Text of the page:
Lydia Tár (Cate Blanchett) composing at her piano in a dimly lit room in Todd Field’s Tár Photo: Focus Features

A classical fan might say the difference is in the music, but at the end of the day, is there that much space between John Williams and Gustav Mahler? The key figure connecting this all is Lydia’s inspiration, famed composer Leonard Bernstein. As The Daily Beast points out, the impetus for her decision to keep working seems to come after she views a favorite old VHS tape of one of Bernstein’s “Young People’s Concerts” made to help introduce the great composers to children. Bernstein himself was a big proponent of bringing classical music to the masses. What is a Monster Hunter concert but yet another venue to share this joy with other people?

Many critics have interpreted Tár as a movie decrying “cancel culture,” but reducing Field’s movie to a screed does him and the character of Lydia Tár a great disservice. Yes, Lydia has been “canceled” by the end, removed from her prestigious Berlin position, and told by her publicity team to lay low until the scandal passes over. But Field is more interested in her as a figure who cultivates power, and in exploring how that coincides with the myth of the great artist.

The film suggests that Lydia isn’t really in her career for the music anymore, and it’s become a tool to feed her ego. Her face and name are prominently displayed on the cover of the Mahler recording she’s working on throughout the film. In an advertisement for that concert later on, she’s placed directly opposite Mahler as the headliner for the event. When she starts advocating for a young cellist to take a prominent place in her orchestra, it’s more out of infatuation than for her talent. (Though she is clearly talented.) Lydia’s opening speech during that New Yorker interview has her proclaiming that when she conducts, she’s in control of time itself.

Music, especially orchestral music, is an expression of this power for her: The musicians must follow what is on the sheet music, and while the conductor must too, it’s ultimately her decision whether they repeat a segment or “get rid of it all together,” as well as whether they speed up the tempo. She even goes as far as to move a trumpet player off stage and behind the scenes in order to get the perfect echoing, distant sound she wants. Music itself has become a form of control for the character, an ultimate display of her power. After all, what’s more powerful than controlling time? She obviously loves the music, but she loves it because she can bend it to her will, and control how the audience hears it.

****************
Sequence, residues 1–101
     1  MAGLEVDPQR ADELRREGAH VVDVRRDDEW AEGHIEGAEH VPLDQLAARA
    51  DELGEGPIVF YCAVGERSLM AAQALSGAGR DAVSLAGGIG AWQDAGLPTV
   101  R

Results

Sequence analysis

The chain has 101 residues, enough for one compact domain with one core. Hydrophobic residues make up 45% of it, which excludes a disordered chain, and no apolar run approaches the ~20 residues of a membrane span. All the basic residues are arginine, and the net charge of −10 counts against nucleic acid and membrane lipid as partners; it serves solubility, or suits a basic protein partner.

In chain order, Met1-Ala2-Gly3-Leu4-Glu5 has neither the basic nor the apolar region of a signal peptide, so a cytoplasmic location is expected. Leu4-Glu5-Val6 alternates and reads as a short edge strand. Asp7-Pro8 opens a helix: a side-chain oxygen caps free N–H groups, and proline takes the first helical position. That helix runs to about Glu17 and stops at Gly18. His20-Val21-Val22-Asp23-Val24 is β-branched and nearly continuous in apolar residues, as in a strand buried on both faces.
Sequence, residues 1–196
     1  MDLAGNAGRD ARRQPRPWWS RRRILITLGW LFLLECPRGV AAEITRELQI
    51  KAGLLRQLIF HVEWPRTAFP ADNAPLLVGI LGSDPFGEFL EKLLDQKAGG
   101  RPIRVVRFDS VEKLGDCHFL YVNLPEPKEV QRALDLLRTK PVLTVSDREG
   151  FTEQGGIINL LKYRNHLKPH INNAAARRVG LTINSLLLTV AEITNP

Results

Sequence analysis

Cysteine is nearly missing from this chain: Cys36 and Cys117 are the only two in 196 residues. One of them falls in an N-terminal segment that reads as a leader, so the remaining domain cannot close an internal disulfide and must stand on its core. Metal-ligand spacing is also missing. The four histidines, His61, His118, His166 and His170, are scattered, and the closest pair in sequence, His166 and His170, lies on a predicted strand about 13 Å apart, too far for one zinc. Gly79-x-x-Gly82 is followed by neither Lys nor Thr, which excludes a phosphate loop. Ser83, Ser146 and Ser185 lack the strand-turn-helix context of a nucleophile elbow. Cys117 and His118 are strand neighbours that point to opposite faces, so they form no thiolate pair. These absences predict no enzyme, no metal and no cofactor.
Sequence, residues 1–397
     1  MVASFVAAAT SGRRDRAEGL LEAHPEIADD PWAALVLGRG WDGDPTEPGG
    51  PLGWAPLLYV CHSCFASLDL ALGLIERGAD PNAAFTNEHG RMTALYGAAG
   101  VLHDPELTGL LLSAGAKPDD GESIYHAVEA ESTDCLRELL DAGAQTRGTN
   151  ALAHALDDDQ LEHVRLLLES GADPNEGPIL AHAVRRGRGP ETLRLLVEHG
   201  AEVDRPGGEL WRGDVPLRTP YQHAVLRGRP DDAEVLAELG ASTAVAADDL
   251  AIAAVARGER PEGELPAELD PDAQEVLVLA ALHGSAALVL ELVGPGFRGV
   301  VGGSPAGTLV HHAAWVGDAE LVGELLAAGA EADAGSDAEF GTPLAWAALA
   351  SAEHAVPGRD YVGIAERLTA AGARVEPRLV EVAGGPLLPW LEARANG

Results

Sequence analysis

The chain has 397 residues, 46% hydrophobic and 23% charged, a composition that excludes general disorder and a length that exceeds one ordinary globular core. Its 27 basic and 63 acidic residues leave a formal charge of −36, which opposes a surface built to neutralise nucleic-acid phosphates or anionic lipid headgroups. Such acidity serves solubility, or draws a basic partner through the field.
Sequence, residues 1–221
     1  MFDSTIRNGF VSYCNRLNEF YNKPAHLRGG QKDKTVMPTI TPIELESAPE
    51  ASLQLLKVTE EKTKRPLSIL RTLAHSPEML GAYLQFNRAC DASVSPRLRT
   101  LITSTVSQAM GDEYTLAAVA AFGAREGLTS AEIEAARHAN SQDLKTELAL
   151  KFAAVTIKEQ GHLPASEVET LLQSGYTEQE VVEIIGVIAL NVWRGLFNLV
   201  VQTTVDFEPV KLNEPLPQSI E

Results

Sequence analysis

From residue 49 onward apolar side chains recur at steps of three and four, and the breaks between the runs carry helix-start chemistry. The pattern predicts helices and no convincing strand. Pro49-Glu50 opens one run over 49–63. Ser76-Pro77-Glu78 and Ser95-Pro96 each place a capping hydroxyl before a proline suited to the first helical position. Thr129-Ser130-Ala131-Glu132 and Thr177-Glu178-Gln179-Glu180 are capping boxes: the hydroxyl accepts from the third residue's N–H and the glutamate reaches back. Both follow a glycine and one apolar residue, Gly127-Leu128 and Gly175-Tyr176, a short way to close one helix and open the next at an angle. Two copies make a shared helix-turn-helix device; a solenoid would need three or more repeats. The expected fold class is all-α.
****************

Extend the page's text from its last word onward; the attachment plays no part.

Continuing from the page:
Fear of that loss of control permeates the entire movie. Lydia continuously experiences sounds she cannot fully control: a hidden metronome ticking in her apartment, a neighbor’s irritating doorbell, an unseen woman screaming in what sounds like terror or pain while Lydia is out for a run. Fear of losing control — over her artistry, over her reputation, over her life — dominates her character, and ultimately leads to her downfall. It’s what spurs her to delete the incriminating evidence that she blacklisted her deceased former student, even going as far as to demand her assistant’s laptop so she can surreptitiously search her emails.

Lydia’s ultimate triumph is in conquering this fear, and getting the chance to regain her status by loosening her grip on both the music and the people under her.

Whether she deserves that chance — exactly which of the accusations against her are true — is left ambiguous. There’s another world in which she hits the cancel-culture circuit, becoming another in the long line of celebrities and artists bemoaning the fact that their actions have consequences. She could double down on her behavior, or compose exclusively behind the scenes. But that would just be an extension of her ego trip, a way to re-create the bubble in which she’s the most important person in the world.

Ultimately, though, Field isn’t concerned with whether what happens to her is justified. His startling, unlikely Monster Hunter: World ending suggests a woman purifying herself of anything but her art and her audience, relinquishing her need for total control. Only once she’s rededicated herself to the music can Lydia return to being the master she once was. It’s possible that being that master is the problem itself, and that’s an issue she may still need to navigate. But ultimately, conducting a video game concert isn’t the humiliation viewers have suggested it is. It’s a way to reclaim what she loves about music, without the parts of it that poisoned her.

Tár is in theaters now.